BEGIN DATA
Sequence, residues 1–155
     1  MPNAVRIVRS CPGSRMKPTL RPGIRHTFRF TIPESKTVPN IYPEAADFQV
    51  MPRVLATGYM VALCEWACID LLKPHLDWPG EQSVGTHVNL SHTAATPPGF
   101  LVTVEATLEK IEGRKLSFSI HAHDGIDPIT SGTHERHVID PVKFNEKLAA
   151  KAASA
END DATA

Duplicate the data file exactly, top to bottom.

Sequence, residues 1–155
     1  MPNAVRIVRS CPGSRMKPTL RPGIRHTFRF TIPESKTVPN IYPEAADFQV
    51  MPRVLATGYM VALCEWACID LLKPHLDWPG EQSVGTHVNL SHTAATPPGF
   101  LVTVEATLEK IEGRKLSFSI HAHDGIDPIT SGTHERHVID PVKFNEKLAA
   151  KAASA